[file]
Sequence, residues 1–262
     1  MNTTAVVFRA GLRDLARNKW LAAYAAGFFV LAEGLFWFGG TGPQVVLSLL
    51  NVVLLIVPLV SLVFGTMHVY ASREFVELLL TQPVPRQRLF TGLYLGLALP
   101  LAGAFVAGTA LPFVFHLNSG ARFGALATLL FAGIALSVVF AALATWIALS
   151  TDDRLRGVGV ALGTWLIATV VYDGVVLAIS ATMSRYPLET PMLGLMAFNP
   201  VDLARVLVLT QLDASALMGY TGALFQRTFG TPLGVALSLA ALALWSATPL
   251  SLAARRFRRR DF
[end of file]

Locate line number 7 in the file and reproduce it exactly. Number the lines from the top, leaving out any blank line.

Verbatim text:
   251  SLAARRFRRR DF